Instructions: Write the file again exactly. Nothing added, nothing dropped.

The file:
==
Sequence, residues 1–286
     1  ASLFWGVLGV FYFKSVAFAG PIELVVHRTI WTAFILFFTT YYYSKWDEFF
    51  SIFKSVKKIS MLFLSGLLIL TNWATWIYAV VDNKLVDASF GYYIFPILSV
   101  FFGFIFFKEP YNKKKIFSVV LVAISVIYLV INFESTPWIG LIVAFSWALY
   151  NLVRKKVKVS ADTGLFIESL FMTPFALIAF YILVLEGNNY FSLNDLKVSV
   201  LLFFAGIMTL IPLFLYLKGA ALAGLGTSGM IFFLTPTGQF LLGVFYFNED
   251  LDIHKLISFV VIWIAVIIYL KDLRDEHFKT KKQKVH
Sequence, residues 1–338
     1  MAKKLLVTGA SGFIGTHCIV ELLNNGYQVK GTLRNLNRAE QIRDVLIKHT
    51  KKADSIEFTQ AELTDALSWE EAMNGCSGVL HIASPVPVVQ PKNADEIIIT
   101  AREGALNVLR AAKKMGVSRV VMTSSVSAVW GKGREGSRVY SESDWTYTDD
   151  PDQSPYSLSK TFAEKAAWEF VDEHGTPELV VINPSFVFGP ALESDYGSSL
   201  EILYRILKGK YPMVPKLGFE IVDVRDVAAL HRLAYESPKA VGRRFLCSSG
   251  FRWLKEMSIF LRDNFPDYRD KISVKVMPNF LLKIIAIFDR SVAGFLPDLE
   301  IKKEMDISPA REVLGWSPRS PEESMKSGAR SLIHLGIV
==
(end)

Sequence, residues 1–286
     1  ASLFWGVLGV FYFKSVAFAG PIELVVHRTI WTAFILFFTT YYYSKWDEFF
    51  SIFKSVKKIS MLFLSGLLIL TNWATWIYAV VDNKLVDASF GYYIFPILSV
   101  FFGFIFFKEP YNKKKIFSVV LVAISVIYLV INFESTPWIG LIVAFSWALY
   151  NLVRKKVKVS ADTGLFIESL FMTPFALIAF YILVLEGNNY FSLNDLKVSV
   201  LLFFAGIMTL IPLFLYLKGA ALAGLGTSGM IFFLTPTGQF LLGVFYFNED
   251  LDIHKLISFV VIWIAVIIYL KDLRDEHFKT KKQKVH
Sequence, residues 1–338
     1  MAKKLLVTGA SGFIGTHCIV ELLNNGYQVK GTLRNLNRAE QIRDVLIKHT
    51  KKADSIEFTQ AELTDALSWE EAMNGCSGVL HIASPVPVVQ PKNADEIIIT
   101  AREGALNVLR AAKKMGVSRV VMTSSVSAVW GKGREGSRVY SESDWTYTDD
   151  PDQSPYSLSK TFAEKAAWEF VDEHGTPELV VINPSFVFGP ALESDYGSSL
   201  EILYRILKGK YPMVPKLGFE IVDVRDVAAL HRLAYESPKA VGRRFLCSSG
   251  FRWLKEMSIF LRDNFPDYRD KISVKVMPNF LLKIIAIFDR SVAGFLPDLE
   301  IKKEMDISPA REVLGWSPRS PEESMKSGAR SLIHLGIV